Tea for Tyrants is a project from Andy Angelos and Phil Lomac, the duo also known as Lovely Tyrants. To promote a new EP they decided to offer their own branded bags of green tea along with download instructions for the digital release. They were so inspired by the experience that they launched a tea and music company starting with 5 brands of green tea and 5 emerging acts. Turning to Kickstarter for funding, they reached their goal with days to spare.
If you think this is a cool project or just dig green tea, you still have a couple of days in which to pledge to support Tea for Tyrant's Kickstarter campaign. In addition to being an interesting way to address the "tangibility" issue, the campaign is a nice example of a thoughtful presentation that hits all the bases in a thorough manner that one might loosely compare to an American version of a Japanese tea ceremony.
[Update: Here's an extra incentive to participate. For every additional $500 in pledges Tea for Tyrants will add another band to the initial program. Nice!]
Kickstarter Pitch Video for Tea for Tyrants Campaign
I might be pushing the analogy of a tea ceremony a bit but I think you'll find the above video for the Tea for Tyrants project, with its evident care for well-crafted products and attention to detail, reminiscent of Gary Snyder's thoughts on the awareness evoked by learning how to drink tea.
And if that's too hippie dippy for you, keep in mind that they set a goal of $7500 and have already passed it with pledges of $7586 and 63 hours to go as I write this post. Not everyone can do that as those studying music crowdfunding know all too well.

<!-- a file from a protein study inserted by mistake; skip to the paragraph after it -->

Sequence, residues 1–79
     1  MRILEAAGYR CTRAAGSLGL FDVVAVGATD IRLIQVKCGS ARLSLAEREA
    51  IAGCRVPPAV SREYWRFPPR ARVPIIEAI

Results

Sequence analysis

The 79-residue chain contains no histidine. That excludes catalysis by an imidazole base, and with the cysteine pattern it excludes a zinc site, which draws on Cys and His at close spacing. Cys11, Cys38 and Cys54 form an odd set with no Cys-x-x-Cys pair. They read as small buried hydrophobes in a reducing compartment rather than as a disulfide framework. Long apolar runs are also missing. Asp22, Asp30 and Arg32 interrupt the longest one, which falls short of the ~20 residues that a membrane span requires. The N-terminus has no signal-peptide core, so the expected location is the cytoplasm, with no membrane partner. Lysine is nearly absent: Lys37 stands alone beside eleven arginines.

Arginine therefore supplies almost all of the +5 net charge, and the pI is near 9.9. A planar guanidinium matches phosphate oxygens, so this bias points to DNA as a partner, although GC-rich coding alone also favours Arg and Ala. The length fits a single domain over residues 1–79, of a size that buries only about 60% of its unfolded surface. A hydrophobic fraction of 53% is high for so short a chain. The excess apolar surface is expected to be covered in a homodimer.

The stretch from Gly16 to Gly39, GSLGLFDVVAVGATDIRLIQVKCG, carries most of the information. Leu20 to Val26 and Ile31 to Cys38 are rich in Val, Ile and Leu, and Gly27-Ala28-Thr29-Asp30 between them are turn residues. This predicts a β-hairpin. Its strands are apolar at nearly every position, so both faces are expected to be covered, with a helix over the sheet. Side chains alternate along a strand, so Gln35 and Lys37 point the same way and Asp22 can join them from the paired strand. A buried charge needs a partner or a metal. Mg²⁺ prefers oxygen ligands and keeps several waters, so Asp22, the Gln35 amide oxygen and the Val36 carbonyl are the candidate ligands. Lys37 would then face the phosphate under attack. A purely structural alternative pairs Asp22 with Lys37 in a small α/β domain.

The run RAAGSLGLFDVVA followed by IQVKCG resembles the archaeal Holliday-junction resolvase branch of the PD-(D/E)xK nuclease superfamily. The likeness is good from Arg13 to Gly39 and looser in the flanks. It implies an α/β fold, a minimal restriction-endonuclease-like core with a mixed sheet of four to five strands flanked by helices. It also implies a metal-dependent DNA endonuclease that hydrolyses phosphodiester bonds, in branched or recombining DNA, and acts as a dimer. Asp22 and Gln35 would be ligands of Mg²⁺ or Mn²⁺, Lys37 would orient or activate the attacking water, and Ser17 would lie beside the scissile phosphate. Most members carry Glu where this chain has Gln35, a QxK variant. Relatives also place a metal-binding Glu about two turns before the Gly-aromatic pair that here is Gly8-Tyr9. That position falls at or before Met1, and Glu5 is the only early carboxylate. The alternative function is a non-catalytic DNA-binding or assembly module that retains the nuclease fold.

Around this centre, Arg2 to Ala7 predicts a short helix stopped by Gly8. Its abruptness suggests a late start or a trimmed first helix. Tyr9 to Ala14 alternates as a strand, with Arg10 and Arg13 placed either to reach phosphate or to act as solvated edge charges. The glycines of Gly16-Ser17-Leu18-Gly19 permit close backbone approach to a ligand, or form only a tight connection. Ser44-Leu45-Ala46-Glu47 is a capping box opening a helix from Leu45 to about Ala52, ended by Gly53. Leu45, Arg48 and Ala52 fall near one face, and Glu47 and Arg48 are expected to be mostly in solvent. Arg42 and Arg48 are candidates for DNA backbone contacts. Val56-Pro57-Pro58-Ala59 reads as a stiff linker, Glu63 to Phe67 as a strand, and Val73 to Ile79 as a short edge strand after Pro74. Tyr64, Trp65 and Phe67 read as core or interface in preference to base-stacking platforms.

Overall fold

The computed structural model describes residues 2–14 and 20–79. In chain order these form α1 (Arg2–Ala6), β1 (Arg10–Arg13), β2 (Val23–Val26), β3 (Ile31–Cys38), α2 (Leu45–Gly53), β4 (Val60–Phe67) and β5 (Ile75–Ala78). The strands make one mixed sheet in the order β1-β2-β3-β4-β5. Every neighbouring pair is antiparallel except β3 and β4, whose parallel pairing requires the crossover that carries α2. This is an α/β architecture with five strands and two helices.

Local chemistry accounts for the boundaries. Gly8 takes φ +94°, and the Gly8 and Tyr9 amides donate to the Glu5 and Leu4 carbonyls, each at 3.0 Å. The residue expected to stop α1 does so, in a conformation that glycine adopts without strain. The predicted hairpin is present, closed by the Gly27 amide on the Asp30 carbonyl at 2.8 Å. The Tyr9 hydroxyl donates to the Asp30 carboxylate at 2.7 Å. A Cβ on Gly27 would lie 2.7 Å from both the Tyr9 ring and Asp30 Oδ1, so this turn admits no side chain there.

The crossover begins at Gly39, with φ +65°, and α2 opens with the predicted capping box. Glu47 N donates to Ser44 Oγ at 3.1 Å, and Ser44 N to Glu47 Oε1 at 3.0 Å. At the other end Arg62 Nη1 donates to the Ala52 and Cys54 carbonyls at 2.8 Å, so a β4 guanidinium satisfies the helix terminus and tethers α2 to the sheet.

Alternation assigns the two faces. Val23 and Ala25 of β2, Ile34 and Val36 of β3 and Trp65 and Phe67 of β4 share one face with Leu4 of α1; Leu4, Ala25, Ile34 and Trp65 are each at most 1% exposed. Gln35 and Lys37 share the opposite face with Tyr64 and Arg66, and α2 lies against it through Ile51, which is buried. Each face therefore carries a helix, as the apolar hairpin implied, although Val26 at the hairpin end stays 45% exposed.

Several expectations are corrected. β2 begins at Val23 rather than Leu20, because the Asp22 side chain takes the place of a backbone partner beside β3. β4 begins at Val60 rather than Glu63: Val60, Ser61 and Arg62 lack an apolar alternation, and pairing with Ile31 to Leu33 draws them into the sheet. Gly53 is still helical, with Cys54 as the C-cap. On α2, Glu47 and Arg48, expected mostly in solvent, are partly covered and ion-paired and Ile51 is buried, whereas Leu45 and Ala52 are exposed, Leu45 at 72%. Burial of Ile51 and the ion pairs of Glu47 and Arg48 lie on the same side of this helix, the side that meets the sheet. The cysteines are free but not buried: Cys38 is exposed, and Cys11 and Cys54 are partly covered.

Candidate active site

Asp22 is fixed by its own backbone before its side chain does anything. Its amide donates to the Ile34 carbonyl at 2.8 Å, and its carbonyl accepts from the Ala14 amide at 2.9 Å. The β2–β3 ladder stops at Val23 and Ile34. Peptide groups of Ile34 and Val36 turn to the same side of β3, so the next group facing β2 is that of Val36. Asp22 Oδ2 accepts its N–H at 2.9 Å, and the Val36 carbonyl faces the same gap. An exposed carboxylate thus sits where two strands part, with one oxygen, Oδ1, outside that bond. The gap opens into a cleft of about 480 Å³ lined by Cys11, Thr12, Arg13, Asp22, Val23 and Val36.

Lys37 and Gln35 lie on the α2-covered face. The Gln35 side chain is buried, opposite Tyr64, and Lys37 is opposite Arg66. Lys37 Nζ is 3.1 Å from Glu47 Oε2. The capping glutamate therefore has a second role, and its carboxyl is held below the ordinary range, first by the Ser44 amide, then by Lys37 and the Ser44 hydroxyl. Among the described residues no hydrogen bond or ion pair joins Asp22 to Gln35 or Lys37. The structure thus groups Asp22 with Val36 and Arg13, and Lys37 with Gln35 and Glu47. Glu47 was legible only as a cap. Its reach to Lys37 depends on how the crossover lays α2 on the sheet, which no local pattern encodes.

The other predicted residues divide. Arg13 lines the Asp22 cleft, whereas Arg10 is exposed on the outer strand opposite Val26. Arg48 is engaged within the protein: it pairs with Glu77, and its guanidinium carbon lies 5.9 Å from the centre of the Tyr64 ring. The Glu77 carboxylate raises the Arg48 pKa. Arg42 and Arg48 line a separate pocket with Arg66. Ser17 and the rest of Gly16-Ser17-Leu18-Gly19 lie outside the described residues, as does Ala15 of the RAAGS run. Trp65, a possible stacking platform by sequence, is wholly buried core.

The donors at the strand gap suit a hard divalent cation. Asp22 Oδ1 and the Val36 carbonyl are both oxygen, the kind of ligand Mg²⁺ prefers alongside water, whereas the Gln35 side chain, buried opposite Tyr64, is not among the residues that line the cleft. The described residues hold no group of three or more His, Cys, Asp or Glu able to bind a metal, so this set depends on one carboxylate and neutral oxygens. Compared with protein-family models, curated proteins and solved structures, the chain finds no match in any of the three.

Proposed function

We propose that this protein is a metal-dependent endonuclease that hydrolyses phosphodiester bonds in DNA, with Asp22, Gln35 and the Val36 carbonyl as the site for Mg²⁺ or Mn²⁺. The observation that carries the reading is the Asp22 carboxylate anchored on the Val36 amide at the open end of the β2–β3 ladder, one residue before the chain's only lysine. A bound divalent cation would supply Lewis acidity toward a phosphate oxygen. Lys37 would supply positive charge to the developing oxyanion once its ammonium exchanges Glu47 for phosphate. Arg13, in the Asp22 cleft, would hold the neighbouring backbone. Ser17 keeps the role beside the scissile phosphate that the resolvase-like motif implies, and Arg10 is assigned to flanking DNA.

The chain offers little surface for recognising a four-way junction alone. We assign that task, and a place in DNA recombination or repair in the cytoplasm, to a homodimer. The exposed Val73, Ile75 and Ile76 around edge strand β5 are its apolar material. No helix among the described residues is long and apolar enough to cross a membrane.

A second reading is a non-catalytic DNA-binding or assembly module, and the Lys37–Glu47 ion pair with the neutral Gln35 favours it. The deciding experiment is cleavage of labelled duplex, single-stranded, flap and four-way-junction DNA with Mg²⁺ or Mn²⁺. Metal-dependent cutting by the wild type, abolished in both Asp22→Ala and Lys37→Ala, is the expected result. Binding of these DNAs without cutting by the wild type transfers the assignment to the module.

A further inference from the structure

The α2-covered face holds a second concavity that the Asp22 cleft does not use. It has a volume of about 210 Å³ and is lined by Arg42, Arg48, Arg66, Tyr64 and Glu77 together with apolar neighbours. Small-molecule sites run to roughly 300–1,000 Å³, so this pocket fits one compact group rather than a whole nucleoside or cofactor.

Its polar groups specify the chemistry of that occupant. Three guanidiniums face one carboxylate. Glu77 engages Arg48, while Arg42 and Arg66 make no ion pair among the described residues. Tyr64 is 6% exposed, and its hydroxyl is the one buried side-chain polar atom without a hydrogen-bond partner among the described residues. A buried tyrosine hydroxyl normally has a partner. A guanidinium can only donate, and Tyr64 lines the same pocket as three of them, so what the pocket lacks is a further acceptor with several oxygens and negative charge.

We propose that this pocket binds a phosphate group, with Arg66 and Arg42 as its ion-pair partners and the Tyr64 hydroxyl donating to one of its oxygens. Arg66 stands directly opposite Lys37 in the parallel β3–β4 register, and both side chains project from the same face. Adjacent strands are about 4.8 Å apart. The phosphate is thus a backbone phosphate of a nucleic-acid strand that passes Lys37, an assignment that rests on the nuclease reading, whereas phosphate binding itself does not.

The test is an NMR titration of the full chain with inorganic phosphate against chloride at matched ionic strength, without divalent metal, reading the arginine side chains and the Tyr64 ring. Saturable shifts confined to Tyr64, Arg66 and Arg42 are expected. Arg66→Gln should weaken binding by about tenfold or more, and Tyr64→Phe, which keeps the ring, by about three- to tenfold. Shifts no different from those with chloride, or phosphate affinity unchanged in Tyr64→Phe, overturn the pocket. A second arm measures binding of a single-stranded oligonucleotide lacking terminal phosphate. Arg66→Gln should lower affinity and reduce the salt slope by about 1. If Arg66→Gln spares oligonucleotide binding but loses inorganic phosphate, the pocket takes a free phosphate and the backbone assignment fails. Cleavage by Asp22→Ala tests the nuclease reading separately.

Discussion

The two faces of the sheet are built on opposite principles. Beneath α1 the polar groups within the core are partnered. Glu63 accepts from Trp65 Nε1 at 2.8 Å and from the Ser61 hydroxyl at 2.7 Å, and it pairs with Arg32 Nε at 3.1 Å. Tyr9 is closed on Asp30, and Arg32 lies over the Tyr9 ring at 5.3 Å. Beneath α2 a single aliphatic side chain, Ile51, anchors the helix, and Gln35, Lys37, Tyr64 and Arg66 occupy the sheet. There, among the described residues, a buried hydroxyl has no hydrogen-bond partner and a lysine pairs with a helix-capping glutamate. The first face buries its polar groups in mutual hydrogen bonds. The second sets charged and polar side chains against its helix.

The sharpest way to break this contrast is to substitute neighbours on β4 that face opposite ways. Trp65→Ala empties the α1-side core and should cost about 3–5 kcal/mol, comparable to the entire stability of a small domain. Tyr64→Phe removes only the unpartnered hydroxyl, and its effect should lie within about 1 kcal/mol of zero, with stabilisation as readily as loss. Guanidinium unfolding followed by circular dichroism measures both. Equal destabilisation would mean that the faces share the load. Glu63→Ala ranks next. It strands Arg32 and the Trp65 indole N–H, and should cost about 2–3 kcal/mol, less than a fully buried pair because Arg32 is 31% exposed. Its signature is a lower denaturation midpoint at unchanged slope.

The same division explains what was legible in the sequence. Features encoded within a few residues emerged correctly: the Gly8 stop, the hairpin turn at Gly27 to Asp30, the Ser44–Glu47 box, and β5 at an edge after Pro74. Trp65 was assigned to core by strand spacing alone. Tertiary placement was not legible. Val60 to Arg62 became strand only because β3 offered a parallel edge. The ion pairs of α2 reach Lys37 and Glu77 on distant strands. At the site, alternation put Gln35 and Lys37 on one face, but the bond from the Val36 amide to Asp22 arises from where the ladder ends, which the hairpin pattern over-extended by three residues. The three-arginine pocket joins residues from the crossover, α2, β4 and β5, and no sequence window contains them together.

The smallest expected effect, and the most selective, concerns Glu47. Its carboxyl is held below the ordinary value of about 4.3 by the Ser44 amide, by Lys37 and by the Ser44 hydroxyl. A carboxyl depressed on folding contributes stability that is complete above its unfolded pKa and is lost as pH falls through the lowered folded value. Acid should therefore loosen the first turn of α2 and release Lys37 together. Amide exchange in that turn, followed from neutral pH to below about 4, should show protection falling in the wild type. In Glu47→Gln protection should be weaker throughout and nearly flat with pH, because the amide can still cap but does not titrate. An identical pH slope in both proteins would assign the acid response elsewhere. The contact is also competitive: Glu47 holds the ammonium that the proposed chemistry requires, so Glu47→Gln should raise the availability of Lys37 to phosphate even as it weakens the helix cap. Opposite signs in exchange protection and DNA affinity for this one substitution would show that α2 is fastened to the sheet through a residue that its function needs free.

You can find out more about the featured artists and varieties of tea on their Tea for Tyrants blog and additional details about their new company on their Kickstarter page including information about the green tea farm in Japan with which they're working.
Band member Andy Angelos, who contacted me about this campaign, recently shared his thoughts on "Pairing Music with Tangible Products" at Music Think Tank.
If you've been keeping up with the reemergence of vinyl and the reasons behind that movement, you've probably been hearing quite a bit about tangibility or what might be described as the grounding of an ephemeral force in the form of a physical recording.
While I recently wrote about various online equivalents of the old school listening experience focused on digital liner notes and augmented lyrics, such efforts cannot address the tangibility issue. Though some celebrate the possibly delusional belief that one day we will be able to leave our bodies behind and inhabit some sort of cyberspace, I remain committed to not only the physical embodiment of human consciousness but to the physical experience of music from handling merch and music packaging to playing musical instruments to standing too close to the speakers to dancing to having sex.
Apparently I'm not the only one who feels this way and even if you redirect this train of thought to music packaging, merch, related physical products and marketing, the power of connecting with deeper elements within the body and brain should be self evident.
In addition to Angelos' article at Music Think Tank, he's started a Reddit thread on "interesting ways to distribute new music" that include some links to further examples of projects that connect music to tangible products.
I've also covered a number of related projects here at Hypebot though not always emphasizing the topic of tangibility:
And if you're interested in the topic of successful Kickstarter campaigns with goals between 5 and 10 thousand bucks, you'll find a number of examples at Launch + Release.